No Smoking Monologue
|No Smoking Monologue by Jacinto Benavente|
LADY: For goodness' sake, don't stop upon our account! Smoke as much as you want to--it doesn't bother me, or my daughter, either. We are used to it. Her poor father, my first husband--who is now in glory--was never without a cigar in his mouth. As he bit off one, it lit it with the butt of the other. And my second husband--who now rests in peace--they were alike as two buttons; you could scarcely tell the difference. I had a difficulty at one time myself, a suffocating feeling, all stuffed up here--terrible distress--and the doctors were telling me that it was asthma and that it wasn't asthma-- Well, I smoked then myself--aromatic cigarettes--which didn't do me any good, either, by the way, I can say that. So you see as far as we are concerned, you needn't think you are inconveniencing us. You can't annoy us by smoking. Before we changed we were travelling in the ladies' compartment, and we transferred to this one as soon as we could because there were people in it one simply couldn't travel with; they were out of the question. You would think that people who travelled first class would have manners, that they would know something. But not a bit of it! Believe me, if you want to find out what people are like, play cards with them, or watch them eat, or else go travelling. You'll find out soon enough. There was a woman in that compartment--I say she was a woman because I don't know what else to call her--with her companion--she must have been her companion, she was with her anyway--well, I can tell you I was mortified. I was ashamed--such a conversation! Between the two of them! They might as well have been sitting in their own parlors. As far as that goes, you know, speaking for myself, a widow twice, it was nothing to me; but before my daughter.... I had to make her sit with her head out of the window all the way. It was pretty chilly for her. You can see for yourself she has taken cold. And she's got a cinder in her eye, too--worse luck! Her eyes are the best part of her.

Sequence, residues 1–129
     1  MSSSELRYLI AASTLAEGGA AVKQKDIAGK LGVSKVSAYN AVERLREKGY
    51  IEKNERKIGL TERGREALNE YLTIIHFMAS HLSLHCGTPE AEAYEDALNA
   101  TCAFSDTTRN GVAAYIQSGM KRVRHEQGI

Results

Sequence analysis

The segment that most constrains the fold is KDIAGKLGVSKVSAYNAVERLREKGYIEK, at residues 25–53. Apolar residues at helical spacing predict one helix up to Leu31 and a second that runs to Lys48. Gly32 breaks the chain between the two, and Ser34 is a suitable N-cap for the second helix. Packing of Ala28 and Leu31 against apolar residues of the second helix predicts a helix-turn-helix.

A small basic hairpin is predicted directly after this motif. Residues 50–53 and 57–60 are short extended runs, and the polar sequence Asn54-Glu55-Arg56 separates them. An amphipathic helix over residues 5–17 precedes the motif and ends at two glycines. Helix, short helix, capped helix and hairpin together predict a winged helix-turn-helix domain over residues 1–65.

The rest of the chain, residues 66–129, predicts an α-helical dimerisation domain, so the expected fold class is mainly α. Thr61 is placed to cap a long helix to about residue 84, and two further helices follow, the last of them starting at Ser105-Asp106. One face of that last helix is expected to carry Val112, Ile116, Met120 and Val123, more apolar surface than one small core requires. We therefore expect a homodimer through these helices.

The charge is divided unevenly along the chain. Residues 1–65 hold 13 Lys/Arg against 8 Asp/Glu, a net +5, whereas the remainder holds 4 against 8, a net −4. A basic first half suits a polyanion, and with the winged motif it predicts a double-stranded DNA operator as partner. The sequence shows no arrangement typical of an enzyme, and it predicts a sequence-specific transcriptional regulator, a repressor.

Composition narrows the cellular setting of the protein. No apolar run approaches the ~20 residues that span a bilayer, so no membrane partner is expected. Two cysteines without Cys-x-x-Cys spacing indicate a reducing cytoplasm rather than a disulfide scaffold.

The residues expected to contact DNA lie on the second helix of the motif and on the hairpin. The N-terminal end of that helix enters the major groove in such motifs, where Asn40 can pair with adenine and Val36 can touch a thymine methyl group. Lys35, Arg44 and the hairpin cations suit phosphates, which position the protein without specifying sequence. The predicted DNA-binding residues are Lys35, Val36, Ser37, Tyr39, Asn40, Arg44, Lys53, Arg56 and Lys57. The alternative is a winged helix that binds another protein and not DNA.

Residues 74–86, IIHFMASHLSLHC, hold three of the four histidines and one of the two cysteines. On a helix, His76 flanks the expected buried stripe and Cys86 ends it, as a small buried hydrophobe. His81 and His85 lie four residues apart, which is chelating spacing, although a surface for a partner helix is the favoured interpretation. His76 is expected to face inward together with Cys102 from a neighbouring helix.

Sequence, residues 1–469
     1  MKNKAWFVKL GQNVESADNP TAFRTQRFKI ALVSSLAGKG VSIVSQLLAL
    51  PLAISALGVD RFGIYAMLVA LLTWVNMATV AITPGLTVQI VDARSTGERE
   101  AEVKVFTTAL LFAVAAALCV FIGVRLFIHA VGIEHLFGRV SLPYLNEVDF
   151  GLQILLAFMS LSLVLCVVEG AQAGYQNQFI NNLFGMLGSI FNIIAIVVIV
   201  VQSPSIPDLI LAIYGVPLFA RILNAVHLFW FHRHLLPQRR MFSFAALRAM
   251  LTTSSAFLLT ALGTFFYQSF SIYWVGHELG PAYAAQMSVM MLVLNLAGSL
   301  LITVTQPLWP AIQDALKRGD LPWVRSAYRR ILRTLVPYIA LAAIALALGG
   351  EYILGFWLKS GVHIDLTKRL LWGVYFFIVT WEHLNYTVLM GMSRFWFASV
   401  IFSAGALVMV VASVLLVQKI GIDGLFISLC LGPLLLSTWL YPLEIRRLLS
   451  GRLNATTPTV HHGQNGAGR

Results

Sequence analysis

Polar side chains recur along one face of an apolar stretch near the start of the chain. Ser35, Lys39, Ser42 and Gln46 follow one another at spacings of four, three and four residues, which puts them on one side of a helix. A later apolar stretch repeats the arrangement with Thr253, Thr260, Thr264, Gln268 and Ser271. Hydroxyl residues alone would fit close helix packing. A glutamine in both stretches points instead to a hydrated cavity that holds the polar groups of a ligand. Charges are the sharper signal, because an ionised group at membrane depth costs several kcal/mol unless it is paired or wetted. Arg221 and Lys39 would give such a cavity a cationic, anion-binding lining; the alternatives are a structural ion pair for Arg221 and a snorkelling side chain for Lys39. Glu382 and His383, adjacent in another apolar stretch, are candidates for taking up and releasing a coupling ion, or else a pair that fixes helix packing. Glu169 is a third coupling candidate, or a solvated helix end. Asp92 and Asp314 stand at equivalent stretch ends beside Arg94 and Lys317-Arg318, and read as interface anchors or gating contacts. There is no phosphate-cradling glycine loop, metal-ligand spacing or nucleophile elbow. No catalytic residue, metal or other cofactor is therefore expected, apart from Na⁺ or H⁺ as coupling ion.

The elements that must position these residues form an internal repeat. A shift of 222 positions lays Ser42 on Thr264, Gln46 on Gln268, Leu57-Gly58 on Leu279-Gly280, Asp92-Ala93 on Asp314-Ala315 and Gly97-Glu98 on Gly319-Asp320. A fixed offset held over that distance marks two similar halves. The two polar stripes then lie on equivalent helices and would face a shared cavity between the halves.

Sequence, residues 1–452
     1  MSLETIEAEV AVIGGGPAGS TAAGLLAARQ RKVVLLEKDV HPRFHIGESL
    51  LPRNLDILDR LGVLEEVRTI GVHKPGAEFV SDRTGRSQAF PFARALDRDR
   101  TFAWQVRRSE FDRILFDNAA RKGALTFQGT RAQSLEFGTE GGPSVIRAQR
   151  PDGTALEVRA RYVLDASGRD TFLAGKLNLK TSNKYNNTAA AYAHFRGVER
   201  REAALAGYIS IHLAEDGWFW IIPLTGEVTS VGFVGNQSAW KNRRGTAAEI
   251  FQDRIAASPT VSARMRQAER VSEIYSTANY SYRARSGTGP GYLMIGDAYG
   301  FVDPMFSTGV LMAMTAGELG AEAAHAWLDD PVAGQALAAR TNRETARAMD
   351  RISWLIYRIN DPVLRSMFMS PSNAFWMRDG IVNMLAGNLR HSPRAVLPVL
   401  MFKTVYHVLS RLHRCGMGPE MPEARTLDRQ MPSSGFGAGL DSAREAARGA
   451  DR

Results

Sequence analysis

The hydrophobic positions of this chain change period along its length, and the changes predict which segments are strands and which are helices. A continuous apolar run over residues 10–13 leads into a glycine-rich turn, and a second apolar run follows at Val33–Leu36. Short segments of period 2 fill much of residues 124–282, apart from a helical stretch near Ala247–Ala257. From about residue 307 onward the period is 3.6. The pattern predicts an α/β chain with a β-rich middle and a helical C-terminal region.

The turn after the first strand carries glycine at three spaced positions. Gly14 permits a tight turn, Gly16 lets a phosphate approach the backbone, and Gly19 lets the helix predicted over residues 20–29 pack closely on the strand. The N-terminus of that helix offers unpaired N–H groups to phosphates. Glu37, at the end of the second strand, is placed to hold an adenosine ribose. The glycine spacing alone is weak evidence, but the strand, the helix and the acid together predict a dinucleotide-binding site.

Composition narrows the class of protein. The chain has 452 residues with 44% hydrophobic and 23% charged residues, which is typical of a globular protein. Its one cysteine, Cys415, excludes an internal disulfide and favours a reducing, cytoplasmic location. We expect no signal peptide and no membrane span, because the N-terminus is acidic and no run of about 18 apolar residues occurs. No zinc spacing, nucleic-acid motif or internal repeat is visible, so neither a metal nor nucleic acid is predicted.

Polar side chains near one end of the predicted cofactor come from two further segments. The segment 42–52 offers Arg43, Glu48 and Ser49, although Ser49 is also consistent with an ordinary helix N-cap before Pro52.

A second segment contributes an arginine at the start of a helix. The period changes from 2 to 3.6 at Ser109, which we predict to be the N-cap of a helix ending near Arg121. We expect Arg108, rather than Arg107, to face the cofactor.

Credits: Reprinted from Plays: Second Series. Trans. John Garrett Underhill. New York: Charles Scribner's Sons, 1919.